Kate: Exactly. As soon as Product Owners recognise this need, we start the next stage.  However, we cannot move forward until they receive this prerequisite knowledge which is why we sometimes take on the role of educator and mentor our clients, which can be delivered as dedicated one-on-one sessions and/or preparation of specific materials for them.

5. Supporting and strengthening our Product Owners

Tristan: So, you’re supporting that as part of your operations at Rademade, right?

Kate: Yes, because we’ve met a lot of Product Owners who have never done product development before. It is difficult to ask them to get their product to match the needs of the market and do a lot of research when they do not know about digital go-to-market strategies for their type of the product. They just get frustrated. The phase we do before the development is often the first time that the Product Owner learns about true Product Ownership (often confused with the simplified definition of the Product Owner in SCRUM).

Tristan: Yeah, because even with YouTeam, we see a lot of founders come to us and expect to bridge straight into development. In an actual case, there are a few phases before that. Including the planning phase (1), which you’re describing, then there is the design phase (2) and then a team assembly phase (3) which can take weeks or months depending on your approach. These three initial phases are really the bare minimum which must be done before the development.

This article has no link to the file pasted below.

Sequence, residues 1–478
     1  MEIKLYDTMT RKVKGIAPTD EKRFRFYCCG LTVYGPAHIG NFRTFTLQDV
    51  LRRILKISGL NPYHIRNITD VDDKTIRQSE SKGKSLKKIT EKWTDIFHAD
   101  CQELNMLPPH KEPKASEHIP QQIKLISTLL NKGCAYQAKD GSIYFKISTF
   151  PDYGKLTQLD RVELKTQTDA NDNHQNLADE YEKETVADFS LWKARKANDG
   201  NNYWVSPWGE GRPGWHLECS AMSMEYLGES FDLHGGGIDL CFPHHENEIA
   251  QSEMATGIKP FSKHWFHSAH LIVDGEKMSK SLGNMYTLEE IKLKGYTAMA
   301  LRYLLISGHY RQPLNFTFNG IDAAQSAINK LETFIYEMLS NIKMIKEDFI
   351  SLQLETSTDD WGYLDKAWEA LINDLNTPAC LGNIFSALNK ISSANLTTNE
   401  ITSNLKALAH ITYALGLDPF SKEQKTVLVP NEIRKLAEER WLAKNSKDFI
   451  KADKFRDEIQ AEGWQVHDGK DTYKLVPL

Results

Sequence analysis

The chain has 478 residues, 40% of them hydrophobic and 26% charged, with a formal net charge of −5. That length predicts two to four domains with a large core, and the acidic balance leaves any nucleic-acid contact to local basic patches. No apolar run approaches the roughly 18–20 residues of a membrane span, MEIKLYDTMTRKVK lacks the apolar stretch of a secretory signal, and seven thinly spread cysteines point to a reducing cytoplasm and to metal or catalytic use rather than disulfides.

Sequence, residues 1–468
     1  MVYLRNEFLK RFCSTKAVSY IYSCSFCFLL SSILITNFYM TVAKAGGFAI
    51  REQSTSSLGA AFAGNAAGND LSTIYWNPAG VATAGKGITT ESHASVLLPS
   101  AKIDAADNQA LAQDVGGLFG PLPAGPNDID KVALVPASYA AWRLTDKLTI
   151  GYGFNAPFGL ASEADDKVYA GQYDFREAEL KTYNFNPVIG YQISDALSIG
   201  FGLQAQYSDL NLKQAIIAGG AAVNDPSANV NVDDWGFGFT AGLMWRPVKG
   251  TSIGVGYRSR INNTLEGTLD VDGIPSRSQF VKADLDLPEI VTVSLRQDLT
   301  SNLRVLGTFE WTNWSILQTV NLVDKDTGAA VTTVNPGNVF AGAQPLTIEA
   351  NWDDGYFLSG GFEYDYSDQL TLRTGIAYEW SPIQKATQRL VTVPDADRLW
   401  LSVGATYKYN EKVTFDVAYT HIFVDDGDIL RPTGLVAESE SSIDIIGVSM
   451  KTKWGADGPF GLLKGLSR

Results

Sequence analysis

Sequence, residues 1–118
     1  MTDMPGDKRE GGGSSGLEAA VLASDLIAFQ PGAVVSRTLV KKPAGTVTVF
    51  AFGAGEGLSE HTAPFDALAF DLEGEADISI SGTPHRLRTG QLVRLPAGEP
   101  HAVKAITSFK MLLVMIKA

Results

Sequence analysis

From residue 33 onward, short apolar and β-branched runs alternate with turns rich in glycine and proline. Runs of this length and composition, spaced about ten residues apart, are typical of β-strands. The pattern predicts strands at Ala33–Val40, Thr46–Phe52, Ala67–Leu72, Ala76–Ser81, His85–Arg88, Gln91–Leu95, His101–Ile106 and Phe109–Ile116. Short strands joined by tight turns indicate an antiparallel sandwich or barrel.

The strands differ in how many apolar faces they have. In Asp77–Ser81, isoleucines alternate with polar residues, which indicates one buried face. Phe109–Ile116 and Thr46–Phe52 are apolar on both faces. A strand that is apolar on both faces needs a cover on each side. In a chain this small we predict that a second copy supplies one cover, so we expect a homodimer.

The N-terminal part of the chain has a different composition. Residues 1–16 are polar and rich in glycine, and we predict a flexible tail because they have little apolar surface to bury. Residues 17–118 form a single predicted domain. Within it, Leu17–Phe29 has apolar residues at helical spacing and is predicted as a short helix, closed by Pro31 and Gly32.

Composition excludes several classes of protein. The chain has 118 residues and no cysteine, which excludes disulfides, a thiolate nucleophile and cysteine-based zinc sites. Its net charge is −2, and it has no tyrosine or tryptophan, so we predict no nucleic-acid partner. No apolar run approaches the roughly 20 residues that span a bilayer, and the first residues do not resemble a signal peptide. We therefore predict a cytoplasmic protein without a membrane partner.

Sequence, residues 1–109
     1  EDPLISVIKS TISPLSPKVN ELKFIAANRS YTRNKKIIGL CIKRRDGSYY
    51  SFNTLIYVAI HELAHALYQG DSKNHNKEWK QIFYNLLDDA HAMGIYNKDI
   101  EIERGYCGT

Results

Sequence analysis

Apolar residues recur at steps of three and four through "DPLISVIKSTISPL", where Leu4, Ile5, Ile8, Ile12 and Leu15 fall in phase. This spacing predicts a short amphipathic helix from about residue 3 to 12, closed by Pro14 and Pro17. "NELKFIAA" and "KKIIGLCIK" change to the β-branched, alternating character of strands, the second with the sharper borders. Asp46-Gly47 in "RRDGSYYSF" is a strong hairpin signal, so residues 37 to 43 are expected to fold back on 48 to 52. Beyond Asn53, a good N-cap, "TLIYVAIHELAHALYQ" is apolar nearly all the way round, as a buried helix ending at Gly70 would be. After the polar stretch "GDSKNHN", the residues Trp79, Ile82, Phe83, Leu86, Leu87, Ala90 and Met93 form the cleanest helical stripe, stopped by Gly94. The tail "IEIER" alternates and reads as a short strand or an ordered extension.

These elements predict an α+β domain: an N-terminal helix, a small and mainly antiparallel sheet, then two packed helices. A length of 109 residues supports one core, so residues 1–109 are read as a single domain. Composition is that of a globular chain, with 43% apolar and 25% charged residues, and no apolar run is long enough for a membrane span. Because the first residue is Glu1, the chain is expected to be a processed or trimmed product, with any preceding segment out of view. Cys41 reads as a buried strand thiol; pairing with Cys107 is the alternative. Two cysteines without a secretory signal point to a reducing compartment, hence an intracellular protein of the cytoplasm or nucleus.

6. A brief word about the team assembly phase

Tristan: It is extremely important to find/assemble the right team for your project. Outsourcing is almost always an option, however it is often deceptively difficult for first-time founders or those who have only used traditional in-house recruitment. Fortunately, for those founders, there is an easy way to hire software developers by using a specialised platform like YouTeam.

Team Assembly Process includes:

7. Why we need suitable product documentation?

Kate: The reason why we need all this information is because it is valuable for the product development team:

  • Customer Personas are valuable for designing the UX and understanding End User behaviour.
  • Understanding the roadmap of future features will help the developers create the correct architecture without needing to re-create it every single sprint. The roadmap provides a high-level project plan so that the development team knows what to expect in the future and how to prioritise their time and effort.